?

Log in

No account? Create an account

Previous entry | Next Entry

He know's when you've been bad...

Colin at Chronic Pain Lifestyle wrote an excellent entry about morality and chronic pain. It's always fascinating that sometimes just the right post comes through my RSS reader. Read Colin's reflections, because they're extremely insightful.

Lately, i've been struggling with the guilts and shoulld'ves, could'ves and saying very negative things to and about myself. It's incredibly hard to think of myself in a positive light when the pain seems to scream "You're no good," or you hear comments about your need for medications, or you are overtired, and agitated. I guarantee that almost anything critical said to me has already been said by myself to myself. It's very easy to focus on the bad things I do, and how I've fallen short.

But I'm starting to remember that that's not healthy. I'm starting to remember that there are good things I've done. My ppain is not a sign of being an awwful person.

Thanks, Colin, for a great post!


    Chronic Pain Lifestyle: A Fearful Moral Inventory:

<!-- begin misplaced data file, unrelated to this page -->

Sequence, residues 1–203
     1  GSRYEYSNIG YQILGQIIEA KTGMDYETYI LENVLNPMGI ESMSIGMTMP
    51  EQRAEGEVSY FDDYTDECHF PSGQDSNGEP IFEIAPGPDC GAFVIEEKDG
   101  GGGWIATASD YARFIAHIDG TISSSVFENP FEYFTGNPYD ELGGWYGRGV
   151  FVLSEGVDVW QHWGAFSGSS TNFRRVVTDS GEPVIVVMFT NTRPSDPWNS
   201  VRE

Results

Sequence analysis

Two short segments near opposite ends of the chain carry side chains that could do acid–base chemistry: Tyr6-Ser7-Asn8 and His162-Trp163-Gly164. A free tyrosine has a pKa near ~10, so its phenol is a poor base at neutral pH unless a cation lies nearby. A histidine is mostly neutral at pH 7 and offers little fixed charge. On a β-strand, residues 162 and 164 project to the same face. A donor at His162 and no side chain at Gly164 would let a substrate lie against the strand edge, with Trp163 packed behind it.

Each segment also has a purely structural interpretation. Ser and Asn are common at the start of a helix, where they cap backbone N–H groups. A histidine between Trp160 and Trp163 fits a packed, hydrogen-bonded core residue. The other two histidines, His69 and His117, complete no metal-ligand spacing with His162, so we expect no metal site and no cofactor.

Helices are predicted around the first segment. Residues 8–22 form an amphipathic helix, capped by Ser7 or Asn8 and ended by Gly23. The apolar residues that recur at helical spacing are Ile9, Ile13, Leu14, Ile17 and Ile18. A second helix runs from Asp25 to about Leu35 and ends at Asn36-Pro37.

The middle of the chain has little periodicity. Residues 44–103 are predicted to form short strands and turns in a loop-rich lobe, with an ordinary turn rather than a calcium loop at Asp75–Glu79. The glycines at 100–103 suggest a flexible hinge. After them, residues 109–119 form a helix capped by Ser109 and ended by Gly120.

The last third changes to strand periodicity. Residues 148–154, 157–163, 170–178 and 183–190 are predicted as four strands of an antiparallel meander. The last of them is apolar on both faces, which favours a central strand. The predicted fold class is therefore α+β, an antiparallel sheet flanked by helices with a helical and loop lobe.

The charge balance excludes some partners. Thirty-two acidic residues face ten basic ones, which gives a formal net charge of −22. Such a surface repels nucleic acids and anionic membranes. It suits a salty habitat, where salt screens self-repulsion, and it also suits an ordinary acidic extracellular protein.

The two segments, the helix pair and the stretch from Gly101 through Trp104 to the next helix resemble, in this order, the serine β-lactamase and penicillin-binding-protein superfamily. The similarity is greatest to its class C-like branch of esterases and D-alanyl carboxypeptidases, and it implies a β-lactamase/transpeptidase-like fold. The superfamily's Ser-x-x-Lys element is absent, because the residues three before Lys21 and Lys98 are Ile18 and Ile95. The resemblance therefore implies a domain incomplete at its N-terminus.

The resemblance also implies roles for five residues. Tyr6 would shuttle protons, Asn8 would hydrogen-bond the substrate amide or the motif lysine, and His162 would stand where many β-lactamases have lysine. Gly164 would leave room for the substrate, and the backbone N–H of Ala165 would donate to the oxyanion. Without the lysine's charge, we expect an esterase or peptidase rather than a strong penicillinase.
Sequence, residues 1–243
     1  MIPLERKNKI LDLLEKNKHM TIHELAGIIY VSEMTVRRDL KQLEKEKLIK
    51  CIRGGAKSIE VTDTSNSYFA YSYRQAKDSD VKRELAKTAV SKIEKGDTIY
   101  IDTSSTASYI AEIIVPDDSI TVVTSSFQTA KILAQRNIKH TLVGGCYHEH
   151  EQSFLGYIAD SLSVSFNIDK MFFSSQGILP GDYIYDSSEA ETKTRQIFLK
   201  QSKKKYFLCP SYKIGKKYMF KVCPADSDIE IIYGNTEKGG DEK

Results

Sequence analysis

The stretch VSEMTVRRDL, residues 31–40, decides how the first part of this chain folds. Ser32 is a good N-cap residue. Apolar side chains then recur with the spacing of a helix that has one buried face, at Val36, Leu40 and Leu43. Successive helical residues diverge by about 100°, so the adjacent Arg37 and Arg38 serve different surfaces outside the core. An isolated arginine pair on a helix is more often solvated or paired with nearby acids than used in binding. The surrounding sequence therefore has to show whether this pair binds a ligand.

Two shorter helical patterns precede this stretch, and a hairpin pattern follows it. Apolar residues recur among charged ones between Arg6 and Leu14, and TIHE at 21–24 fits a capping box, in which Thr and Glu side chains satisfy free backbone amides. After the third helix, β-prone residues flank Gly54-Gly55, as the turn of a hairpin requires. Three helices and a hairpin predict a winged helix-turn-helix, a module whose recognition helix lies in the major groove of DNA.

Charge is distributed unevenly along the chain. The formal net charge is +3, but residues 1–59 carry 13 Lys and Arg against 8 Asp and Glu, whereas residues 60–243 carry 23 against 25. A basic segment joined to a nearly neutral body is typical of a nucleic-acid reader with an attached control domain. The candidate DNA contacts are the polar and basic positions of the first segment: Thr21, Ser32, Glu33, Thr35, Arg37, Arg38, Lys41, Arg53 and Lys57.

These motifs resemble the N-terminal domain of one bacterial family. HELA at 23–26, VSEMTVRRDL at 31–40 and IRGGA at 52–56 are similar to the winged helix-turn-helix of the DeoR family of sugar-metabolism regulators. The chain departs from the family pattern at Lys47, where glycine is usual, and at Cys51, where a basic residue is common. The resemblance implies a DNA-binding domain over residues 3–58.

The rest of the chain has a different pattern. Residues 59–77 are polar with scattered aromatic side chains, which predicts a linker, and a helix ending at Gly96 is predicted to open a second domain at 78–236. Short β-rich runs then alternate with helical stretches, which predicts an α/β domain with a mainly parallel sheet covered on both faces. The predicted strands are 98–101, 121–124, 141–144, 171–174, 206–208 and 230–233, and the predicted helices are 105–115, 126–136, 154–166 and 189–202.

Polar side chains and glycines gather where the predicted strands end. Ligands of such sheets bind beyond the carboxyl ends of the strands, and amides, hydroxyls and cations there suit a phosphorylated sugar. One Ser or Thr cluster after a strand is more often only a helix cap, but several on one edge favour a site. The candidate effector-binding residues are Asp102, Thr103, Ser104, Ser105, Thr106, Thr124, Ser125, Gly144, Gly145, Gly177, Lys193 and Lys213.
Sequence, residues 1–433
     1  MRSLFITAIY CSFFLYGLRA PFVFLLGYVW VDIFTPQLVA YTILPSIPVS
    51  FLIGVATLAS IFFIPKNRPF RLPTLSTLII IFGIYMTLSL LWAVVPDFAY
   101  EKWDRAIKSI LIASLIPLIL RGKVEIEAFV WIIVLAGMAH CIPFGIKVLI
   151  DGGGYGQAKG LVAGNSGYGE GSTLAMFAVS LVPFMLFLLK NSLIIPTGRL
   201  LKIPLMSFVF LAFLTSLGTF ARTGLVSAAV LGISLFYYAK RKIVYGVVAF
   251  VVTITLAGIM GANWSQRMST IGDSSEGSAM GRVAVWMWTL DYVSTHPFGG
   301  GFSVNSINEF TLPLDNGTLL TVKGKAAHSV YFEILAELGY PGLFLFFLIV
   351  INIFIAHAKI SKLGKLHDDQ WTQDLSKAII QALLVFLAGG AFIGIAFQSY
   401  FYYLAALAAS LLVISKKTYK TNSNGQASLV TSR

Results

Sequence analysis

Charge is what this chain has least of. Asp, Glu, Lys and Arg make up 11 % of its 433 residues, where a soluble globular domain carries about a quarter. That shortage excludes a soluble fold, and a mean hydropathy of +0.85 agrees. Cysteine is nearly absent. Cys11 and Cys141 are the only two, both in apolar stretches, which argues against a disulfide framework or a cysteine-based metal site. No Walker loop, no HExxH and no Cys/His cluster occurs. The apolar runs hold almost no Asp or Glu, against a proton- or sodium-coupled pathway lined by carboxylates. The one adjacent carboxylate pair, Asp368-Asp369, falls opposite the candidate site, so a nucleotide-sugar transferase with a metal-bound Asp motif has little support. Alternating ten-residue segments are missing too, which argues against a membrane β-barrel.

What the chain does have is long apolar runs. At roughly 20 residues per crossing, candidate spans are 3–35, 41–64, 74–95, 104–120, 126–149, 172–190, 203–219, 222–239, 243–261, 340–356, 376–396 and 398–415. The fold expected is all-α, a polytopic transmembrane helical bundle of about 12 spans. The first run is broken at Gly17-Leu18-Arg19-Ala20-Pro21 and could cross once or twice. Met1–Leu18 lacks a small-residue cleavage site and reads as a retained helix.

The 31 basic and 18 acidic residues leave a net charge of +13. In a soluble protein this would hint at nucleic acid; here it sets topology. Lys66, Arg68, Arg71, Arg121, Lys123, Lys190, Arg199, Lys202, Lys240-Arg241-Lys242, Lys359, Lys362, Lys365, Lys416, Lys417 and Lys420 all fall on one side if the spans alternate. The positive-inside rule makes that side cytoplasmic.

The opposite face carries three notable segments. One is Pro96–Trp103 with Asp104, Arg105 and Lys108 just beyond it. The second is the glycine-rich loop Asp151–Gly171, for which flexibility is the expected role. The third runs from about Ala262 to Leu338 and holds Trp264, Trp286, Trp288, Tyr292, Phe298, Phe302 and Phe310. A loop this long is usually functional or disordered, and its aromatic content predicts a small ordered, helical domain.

The reasons, besides the genuine need for self-care for everyon on the planet that I need to be cognesant of these self-care needs is that without self-care, I'm not effective at helping anyone. It came up in the complementary health course yesterday (and pretty much every day), it's come up in social work, and it comes up more than once daily in my feeds I read and other discussions about dealing with any disorder. I don't think, as a whole, society takes care of itself. But, as Isabella Morri from Moritherapy explains, we need to
Care for Ourselves.

This includes watching for negative thought patterns. What if, every morning and every evening, we actually took some time to think of good things that have happened in our lives or good things we've done? It's just a thought that crossed my brain.

Tags

Latest Month

August 2017
S M T W T F S
  12345
6789101112
13141516171819
20212223242526
2728293031  
Powered by LiveJournal.com
Designed by Lilia Ahner